Making The Video | Point of View

Business Series

I was going through my Instagram feed, procrastinating, bored to death, thinking about what to write next. Then I came across this post from my friend Zim (Thomas Zimmermann) — Portuguese video director, producer & CEO at Point of View — and thought “hey, you know what? I haven’t really talked about video yet!”. But Sofia, how does that relate to music and marketing? Well, video is king. It’s currently one of the most effective content and communication forms, especially when it comes to engagement. And… while a picture can tell a thousand words, video can tell a thousand stories.

So, I gave Zim a call and had a nice chat about music video making, his career, aesthetic aspirations and his company Point of View.

1. What made you fall in love with video and image in general?

Many different things in my childhood: movies, music videos, cartoons, comic books and drawing / design in itself.

2. Your current work is mainly focused on music videos. Why is that?

I was born in the golden age of music videos. I still remember when I used to know Michael Jackson’s videos by heart. I grew up in the 90’s and MTV and other music shows were hugely popular and super creative. I had VHS tapes with music videos all over the place! However, it wasn’t until I started my band (NAD) in 2003 that I started learning more about the field. The need to create visual content for the project and my own curiosity lead me to that experience. We even shot a few videos that were never released because I was never happy with the end result.

Shooting Fernando Daniel’s video

3. Why did you create Point of View?

I wanted to have a brand that I could use to sign my videos. To elevate Point of View to being a platform for creatives to express themselves. It is still a process. And it will continue to be a process.

4. What would you say is the greatest driver for its growth?

Definitely the trust that artists put in our work and potential. Some of them were really important in our growth because of the challenges they put in our hands.

5. How do you promote your work?

The same way any video director does it these days. Online — website and social media (InstagramYouTubeFacebook). But the strongest platform for us is really the music we work on. That’s our greatest tool. We work it in a way that makes it into a promotional platform for us and for the artist himself.

6. How do you come up with and plan a music video?

It all depends on the resources that we have for the video production. Honestly, about 30% of the artists that come to us already have a concept and sometimes even part of the production thought of or handled. In that scenario it is up to us to execute that vision and ideas to the best we can. The other 70% expect us to create the full concept and handle the production part of the video.

Apart from that, it also depends on the existing budget assigned to the project. That will influence our choice of actors, models, accessories, the set, props, etc..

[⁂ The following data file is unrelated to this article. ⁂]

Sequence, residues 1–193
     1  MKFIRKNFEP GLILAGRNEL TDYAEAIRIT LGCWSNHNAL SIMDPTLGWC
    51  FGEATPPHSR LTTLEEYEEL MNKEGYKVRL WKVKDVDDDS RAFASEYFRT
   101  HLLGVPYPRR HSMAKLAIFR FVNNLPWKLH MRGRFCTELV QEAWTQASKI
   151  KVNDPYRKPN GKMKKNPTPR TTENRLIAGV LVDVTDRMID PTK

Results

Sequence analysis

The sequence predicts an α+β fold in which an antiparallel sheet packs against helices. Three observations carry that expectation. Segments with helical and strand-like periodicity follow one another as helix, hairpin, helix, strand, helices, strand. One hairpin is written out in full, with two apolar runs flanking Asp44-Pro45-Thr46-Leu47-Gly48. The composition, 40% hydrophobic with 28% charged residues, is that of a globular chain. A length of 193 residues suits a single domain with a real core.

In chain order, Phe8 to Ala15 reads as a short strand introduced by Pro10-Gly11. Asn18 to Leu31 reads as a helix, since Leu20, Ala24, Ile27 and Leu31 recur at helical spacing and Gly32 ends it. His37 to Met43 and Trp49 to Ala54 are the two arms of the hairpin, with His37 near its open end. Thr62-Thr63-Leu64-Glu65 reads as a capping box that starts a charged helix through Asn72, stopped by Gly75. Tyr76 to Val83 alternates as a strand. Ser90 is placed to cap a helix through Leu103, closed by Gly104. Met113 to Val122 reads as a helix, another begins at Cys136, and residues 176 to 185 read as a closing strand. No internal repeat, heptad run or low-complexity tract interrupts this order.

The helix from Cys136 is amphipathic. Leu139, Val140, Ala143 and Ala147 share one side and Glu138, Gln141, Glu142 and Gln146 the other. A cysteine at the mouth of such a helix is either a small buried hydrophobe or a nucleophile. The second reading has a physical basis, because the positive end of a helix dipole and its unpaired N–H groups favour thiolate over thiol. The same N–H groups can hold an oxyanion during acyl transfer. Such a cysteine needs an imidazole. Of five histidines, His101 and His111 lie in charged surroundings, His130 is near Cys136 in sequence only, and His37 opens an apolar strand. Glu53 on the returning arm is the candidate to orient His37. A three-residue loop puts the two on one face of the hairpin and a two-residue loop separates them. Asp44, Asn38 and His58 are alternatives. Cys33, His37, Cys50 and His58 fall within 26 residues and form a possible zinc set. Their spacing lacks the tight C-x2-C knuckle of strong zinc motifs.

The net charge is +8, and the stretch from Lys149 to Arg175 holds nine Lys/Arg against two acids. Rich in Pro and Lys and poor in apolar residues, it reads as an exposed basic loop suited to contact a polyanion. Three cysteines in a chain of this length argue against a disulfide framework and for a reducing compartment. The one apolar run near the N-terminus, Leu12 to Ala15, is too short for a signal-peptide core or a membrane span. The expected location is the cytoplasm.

When it comes to ideas, I might actually come up with them when listening to a song for the first time. I’m a strong supporter of this method. They can also come later on either from me or from people around me, like friends and colleagues. Implementing these ideas can be tough, though. In most cases we don’t have the right circumstances to make them happen. You have to be creative with the little that you have.

7. Who are the people, artists or things that inspire you the most?

I usually say that the most important factor in this are our artists. They are the ones who inspire me the most. The passion and creativity they bring take us to another level of inspiration. I’m like a sponge! I absorb and love everything that’s released — good or bad, I always take something from it. Nowadays, aesthetically, I am more inspired by movies and TV series than music videos per se.

Zim with hip hop artist Jimmy P

8. You’ve come a long way. So what’s next for Point of View?

There’s lots of things I want to do and achieve. I just need to find the time and people that have the same drive as I do. Then you’ll probably start seeing something a bit out of the music video zone. Above all, my main goal is the same as yesterday — to keep improving, progressing at every video.

9. Artists usually start their careers with just a few pennies in their pockets. Any advice to artists looking into releasing their first single / video?

Yeah, invest everything in your music first. I’ve had a few people contacting me to make a video for songs that didn’t even get properly mixed and mastered. Basically putting the cart before the horse. Besides that, the only advice I can give is: give everything you’ve got and focus on quality over quantity.

10. Ok, almost done. Your 3 top tips for a good video?

Study what you want to do before doing it. But do it. If you don’t have a great idea, try seeking out good aesthetics for your video. You don’t need fancy cameras. You can get that great angle just by using your phone. There’s no excuse nowadays.

Point of View is on…

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